Basic sign structures: Posts, Boxes and Fences

By Gary Anderson

Posted on Friday, June 4th, 2021

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The structures that support freestanding signs can do a lot more than hold up the sign faces. They are a part of the sign as a whole and if you do it right, they can add a tremendous amount of appeal and effectiveness. This adds a lot of value to your signs.

Most sign structures fall into one of these three broad categories. Note that these are all very practical structures. I seldom have the luxury of working with clients with limitless budgets, so I find these structures are a great way to get more impact out of a sign without going overboard on costs.

Posts: I like to make posts more of an architectural element by scaling them up and exploring the many ways a post or group of posts can be manipulated. This is probably one of the most noticeable differences in my designs.

Boxes: This structure provides a lot of opportunities for more bang for your buck. There are plenty of design opportunities using pressure-treated lumber, various grooved and textured plywood and other readily available building materials. These structures include monoliths, which have the look of a slab emerging from the ground.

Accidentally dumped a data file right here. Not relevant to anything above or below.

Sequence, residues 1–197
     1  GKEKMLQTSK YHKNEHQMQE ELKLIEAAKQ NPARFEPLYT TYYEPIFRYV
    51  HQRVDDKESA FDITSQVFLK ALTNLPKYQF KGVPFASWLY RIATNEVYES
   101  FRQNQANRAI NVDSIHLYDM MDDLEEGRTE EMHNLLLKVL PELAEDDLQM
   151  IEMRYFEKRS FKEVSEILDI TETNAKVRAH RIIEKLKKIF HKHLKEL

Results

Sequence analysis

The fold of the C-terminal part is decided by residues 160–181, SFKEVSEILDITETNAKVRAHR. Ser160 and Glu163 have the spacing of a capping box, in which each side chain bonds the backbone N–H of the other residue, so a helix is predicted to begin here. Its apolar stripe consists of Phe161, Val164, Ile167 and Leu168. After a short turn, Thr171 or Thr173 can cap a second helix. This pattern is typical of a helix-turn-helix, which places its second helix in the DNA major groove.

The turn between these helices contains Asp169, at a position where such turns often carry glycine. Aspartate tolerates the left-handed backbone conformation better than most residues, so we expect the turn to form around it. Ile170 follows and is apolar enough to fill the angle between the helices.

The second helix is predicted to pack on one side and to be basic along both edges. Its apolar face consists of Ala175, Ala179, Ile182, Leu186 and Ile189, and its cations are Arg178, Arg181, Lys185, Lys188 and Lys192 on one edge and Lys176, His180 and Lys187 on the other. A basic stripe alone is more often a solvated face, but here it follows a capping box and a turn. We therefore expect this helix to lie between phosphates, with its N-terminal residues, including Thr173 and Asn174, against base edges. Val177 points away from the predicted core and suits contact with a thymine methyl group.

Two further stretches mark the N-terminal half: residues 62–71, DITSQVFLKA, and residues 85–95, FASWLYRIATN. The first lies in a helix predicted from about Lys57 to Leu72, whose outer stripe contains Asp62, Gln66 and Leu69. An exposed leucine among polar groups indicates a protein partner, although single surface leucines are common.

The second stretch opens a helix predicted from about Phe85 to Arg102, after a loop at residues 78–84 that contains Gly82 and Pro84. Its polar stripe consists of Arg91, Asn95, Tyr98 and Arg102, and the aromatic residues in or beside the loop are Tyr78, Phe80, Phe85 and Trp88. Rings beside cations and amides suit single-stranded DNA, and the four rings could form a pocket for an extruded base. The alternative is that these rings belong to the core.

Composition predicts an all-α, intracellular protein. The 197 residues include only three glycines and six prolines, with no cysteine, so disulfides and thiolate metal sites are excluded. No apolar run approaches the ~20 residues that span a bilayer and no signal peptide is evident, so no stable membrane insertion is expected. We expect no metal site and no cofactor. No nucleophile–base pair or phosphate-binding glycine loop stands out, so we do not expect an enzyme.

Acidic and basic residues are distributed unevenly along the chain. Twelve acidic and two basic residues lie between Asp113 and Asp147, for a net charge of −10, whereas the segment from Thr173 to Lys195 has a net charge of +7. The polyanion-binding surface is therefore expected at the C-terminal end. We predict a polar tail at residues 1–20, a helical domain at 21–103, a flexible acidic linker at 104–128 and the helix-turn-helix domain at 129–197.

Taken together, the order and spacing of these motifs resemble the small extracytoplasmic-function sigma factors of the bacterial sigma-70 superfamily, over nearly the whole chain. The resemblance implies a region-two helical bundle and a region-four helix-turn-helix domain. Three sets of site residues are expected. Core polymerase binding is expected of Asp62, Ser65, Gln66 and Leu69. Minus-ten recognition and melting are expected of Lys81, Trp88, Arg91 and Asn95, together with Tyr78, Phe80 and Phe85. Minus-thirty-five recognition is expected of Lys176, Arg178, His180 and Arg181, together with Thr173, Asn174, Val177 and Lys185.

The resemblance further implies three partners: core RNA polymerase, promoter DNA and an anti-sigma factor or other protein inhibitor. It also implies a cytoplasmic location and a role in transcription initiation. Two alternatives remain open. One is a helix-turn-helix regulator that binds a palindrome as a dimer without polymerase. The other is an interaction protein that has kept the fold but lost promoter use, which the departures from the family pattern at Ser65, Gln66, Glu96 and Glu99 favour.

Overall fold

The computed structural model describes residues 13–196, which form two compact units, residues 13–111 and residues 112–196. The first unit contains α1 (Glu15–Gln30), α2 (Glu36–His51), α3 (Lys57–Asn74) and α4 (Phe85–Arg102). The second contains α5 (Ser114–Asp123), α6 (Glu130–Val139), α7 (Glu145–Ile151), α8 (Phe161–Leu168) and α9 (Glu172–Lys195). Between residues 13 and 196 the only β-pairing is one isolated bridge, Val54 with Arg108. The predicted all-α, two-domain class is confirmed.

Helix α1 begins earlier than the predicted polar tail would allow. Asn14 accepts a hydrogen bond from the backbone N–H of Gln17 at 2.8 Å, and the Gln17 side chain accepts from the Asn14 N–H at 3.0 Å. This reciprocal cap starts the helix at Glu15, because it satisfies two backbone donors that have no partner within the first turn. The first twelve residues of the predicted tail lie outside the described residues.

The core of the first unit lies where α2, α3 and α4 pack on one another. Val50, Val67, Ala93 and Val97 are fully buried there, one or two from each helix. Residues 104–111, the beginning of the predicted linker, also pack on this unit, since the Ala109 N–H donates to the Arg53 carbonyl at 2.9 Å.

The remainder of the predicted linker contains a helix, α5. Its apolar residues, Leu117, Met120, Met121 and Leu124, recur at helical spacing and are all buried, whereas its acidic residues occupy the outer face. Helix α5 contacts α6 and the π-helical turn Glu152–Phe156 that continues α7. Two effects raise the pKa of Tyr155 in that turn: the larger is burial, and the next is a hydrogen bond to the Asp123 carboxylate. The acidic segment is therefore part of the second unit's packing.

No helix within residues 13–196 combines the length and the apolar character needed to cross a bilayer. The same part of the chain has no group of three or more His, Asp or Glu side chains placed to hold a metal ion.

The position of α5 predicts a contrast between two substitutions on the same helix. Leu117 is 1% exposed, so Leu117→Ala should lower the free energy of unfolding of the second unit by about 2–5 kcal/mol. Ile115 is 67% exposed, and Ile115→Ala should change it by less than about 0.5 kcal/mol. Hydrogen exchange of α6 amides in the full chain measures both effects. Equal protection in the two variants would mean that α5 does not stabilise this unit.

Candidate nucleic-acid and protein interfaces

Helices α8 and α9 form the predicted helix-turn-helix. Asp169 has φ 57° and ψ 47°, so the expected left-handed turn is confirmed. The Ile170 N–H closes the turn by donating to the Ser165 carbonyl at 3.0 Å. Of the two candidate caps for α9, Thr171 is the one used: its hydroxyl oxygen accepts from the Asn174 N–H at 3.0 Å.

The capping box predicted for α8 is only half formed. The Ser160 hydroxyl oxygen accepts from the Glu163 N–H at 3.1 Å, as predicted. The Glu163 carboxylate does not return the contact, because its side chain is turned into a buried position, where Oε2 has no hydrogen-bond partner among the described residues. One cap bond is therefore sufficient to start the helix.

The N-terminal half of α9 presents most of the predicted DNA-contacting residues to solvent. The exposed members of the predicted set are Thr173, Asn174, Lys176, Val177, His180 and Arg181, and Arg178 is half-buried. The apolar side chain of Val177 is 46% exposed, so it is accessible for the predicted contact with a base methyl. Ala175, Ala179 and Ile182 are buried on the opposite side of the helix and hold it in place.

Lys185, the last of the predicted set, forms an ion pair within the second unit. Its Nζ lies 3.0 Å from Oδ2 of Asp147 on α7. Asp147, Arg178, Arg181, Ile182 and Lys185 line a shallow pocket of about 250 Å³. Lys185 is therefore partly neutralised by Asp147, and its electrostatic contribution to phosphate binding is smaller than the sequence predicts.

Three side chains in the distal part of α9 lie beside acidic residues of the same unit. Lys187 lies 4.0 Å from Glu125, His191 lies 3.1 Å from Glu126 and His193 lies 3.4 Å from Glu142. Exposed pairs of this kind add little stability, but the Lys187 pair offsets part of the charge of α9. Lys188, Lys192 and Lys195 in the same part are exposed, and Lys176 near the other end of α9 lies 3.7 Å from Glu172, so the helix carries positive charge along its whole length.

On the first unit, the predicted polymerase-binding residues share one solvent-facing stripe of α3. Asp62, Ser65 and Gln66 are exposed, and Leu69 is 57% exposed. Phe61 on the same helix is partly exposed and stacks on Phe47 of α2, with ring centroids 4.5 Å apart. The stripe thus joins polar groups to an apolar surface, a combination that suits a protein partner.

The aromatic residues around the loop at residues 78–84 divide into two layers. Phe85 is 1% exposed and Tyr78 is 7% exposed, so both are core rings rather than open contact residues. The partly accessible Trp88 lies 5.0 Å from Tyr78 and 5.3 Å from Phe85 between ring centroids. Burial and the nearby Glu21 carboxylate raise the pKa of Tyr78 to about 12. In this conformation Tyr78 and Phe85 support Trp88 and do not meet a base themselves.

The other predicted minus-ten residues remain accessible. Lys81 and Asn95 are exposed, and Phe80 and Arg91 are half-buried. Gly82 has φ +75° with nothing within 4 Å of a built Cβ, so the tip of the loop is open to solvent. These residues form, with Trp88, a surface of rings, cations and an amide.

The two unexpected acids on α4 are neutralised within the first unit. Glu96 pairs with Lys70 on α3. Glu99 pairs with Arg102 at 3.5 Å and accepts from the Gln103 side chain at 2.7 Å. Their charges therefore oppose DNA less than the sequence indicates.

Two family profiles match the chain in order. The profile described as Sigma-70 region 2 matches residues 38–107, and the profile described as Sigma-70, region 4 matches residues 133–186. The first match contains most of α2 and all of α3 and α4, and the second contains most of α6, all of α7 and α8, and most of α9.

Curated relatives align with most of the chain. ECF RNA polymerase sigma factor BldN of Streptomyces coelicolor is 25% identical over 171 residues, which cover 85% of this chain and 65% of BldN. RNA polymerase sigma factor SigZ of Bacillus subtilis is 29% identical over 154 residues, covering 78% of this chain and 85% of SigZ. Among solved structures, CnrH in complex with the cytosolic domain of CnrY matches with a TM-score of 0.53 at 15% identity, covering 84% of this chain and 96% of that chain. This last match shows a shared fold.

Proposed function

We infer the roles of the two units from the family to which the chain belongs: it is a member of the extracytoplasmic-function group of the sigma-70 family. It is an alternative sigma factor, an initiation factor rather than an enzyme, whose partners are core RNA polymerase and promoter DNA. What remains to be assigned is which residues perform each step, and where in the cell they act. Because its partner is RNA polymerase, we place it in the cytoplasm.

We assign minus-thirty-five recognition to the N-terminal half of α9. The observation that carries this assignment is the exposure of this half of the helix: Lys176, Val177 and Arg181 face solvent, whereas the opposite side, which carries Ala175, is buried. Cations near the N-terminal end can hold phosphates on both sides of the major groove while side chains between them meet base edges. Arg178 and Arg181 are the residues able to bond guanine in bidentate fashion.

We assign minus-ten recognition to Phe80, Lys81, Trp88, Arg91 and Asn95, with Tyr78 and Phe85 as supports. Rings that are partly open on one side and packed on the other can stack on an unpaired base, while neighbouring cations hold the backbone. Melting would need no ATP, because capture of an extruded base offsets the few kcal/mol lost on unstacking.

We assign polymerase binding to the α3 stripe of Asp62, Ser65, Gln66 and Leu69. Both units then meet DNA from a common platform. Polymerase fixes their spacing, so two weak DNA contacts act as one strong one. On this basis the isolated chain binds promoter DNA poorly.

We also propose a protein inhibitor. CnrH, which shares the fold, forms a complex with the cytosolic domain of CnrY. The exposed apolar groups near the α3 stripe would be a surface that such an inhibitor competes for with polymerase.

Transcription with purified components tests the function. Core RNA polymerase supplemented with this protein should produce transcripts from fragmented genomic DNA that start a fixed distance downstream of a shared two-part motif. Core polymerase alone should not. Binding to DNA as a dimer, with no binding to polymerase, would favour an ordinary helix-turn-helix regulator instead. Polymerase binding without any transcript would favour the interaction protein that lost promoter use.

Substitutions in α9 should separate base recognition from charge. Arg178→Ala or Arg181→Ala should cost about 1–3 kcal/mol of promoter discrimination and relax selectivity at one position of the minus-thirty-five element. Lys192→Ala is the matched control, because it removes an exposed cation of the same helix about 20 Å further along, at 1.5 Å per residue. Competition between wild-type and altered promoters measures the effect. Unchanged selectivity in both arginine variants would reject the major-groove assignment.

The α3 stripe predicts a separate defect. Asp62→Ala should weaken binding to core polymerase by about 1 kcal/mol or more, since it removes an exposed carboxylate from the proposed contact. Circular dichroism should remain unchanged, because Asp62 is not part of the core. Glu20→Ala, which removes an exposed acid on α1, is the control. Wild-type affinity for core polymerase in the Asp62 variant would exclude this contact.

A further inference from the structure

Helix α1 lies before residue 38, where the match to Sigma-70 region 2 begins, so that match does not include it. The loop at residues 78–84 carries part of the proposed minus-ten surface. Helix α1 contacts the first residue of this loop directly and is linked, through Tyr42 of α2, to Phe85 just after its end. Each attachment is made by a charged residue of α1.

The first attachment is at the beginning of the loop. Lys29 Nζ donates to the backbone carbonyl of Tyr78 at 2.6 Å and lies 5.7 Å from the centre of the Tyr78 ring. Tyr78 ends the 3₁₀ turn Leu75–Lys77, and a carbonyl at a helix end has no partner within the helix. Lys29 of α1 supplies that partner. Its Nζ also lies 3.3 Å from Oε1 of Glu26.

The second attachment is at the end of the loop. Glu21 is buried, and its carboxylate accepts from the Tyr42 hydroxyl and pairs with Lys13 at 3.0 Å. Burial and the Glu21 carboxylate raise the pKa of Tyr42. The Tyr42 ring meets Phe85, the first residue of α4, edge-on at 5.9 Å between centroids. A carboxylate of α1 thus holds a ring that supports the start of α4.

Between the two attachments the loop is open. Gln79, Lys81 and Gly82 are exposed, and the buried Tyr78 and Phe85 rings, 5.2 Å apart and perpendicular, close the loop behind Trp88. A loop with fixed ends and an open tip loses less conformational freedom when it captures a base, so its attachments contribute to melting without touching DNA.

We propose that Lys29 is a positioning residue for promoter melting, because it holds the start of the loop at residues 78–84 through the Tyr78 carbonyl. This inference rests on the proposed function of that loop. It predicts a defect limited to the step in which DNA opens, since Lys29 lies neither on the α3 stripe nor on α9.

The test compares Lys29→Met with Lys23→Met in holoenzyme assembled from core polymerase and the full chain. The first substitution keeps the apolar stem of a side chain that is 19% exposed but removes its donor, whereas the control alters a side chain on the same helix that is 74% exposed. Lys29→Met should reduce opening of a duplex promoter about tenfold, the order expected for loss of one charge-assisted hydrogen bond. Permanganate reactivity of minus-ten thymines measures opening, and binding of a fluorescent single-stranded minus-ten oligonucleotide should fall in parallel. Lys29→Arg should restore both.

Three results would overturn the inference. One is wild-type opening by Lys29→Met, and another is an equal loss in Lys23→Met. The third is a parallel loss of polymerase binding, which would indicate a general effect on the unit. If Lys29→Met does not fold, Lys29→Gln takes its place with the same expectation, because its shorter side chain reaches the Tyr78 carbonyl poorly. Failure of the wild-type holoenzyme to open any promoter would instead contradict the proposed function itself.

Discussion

Fences: Here’s a great way to add mass and variety without the expense of stone. You can design your own fence or use a ready-made one and make some interesting modifications to it.

Sign structures should work with the design to further the image created by the sign. Sometimes as I design the structure, I consider the building’s architecture if it’s appealing and appropriate. In other cases the structure might be offbeat or whimsical to tie into the sign’s message. By thinking about the structure from the beginning of the design process, you get a cohesive package that really helps deliver the sign’s message.

If a skeleton is built from treated lumber, the size of the post is unlimited. You can use plywood to build the post cover. You may need two posts protruding from the bottom of large post covers for better installation.

Gary Anderson’s shop, Bloomington Design, is in Bloomington, Indiana. Now retired, he has contributed to SignCraft for over 35 years, and authored two books: Signs, Graphics & Other Neat Stuff and More Signs, Graphics & Other Neat Stuff, both published by SignCraft.

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